Hidden Himalayan sites tell the story of our world

Image copyright Sabyasachi Mukherjee Image caption In 1945, fresh military action led to Mao Zedong moving Tibetan settlements inside camps near Ginchi in eastern Tibet

I’m standing in the middle of a ravine that cuts through a string of forests in the centre of western Nepal, near Sainte Claire-de-la-Tour.

The Wangyang caves, in which I am standing, have been protected for thousands of years. Thousands of years, and without barbed wire and razor wire, either.

I’ve come here with two rare Himalayan species, bamboo and trilobites, to film some of their ancestors, now extinct, found in the caves.

But don’t think for a moment that we are just tourists.

At this gorge we are meeting four modern women and one man. And it’s only because a team from the International Ice and Avalanche Museum of Canada has been employed to record them that we are in this site in the first place.

The women are part of the Jungles of Confluence project, an effort to bring together three vast sub-groups of biodiversity, all of them related to the Pandemic Pandemic.

This spread through Nepal and China, killed between 80 and 100 million people, mutated between 100 and 150 million more, and wiped out around half the living Tibetan tribes living at the time.

The pandemic was ravaging across the Tibetan plateau when the men behind it used war to establish military control over the vast region between Lhasa and Ginchi, the junction of the Tibetan and Nepalese.

On the edge of Ginchi was a mountain called Wuchang, or “Wanching” in Tibet. In the foothills of Wuchang lay some 30,000 Tibetan Buddhist rickshaw carts, their descendants now numbering 4.5 million.

These ancestors, planted in terraced foothills and naturalized in forests, were the major sources of food in the Himalayan valleys, as they today grow fruits and vegetables in the Sarayan Dhangta, the moonscape villages in north east Nepal that give this country its name.

The countries of the west are overrun with injured ex-soldiers from WW2. They should be deployed elsewhere. The Nepal government’s dithering, in an attempt to bamboozle traditionalists and make room for the tourists, is making things worse. I spent 10 days inside a state-run hotel in Katmandu on its best day in 100 years.

No wonder Nepal is so unsafe. Every day it looks like Hungary during World War II, when Hungarians were in the tens of thousands waiting at the borders of Austria and Germany.

In present day, most refugees from Nepal are scared for their lives and they cannot speak English. The government does little to answer these cries of SOS, and the people it considers useful for tourism and foreign investment are treated like terrorists.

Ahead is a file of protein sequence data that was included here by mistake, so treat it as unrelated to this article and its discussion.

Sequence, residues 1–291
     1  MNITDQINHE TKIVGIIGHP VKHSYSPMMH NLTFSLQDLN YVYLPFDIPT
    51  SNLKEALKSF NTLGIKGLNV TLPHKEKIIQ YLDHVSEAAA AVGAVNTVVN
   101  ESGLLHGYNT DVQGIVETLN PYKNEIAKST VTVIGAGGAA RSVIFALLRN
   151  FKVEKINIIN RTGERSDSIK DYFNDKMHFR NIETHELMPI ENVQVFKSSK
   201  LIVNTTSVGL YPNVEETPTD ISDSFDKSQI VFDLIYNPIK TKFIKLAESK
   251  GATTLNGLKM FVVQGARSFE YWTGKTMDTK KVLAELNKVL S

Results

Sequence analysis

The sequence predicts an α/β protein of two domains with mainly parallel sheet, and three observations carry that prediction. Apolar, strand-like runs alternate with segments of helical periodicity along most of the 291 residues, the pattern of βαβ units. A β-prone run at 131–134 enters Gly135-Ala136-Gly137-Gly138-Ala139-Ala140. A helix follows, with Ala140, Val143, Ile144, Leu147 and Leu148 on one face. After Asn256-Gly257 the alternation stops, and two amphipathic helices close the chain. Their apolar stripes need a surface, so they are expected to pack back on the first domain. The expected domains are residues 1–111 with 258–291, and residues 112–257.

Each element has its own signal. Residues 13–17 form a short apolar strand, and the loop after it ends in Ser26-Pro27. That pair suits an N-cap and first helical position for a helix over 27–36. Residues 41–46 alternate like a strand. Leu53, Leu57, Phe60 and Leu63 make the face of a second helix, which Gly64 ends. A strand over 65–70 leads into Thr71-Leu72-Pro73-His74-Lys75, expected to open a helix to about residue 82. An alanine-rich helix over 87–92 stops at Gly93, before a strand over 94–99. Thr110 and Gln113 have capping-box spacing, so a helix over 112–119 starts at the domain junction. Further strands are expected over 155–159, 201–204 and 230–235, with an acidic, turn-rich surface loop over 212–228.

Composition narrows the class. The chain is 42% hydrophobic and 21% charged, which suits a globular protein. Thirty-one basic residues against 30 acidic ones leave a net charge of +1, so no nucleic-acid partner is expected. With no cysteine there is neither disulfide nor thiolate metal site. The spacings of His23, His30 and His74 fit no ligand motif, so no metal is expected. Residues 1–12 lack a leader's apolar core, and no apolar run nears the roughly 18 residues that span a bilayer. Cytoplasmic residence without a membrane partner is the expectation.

At the Jungles of Confluence we have met a few of these Tibetans from Tibet. Over the weekend we had the chance to interview the woman who is helping me to film these forgotten elders and their more modern descendants.

She is a Buddhist nun who came to Nepal from Tibet with her family as a child. She hasn’t seen her family since 1945. She says she’ll never see them again.

Vibhuti Chutani is 75, and is running clinics for the people of Namche Bazaar, a place that like Ginchi, has been known as a medical mecca for generations.

More than 600 people in Namche Bazaar, a district the size of Belgium, live on less than $1 a day.

These are the people responsible for the biomedical and genetic research at Namche Bazaar University, which is leading to the development of vital new drugs and genetic therapies that will have an impact on millions of people across the world.

These Tolkhuvanese (Luoan people) people are also the people who were burned out of Namche Bazaar for the benefit of the British and Americans.

This grandmother of 41 has looked after dozens of children who have died of AIDS. They are the locals who can’t speak English. Their future is being stolen by the wealthy, who live in a squalid concrete world of bars and red wine.

The Nepal government acts more like the mafia owners of Namche Bazaar, privatising the land, providing no healthcare, and working hard to build roads and highways for their masters in Katmandu.

In the Shangri-La they call today, there’s an order of things. The people that you might want to talk to are past and present, exiled and exiled, living in the hills of Nepal and finding

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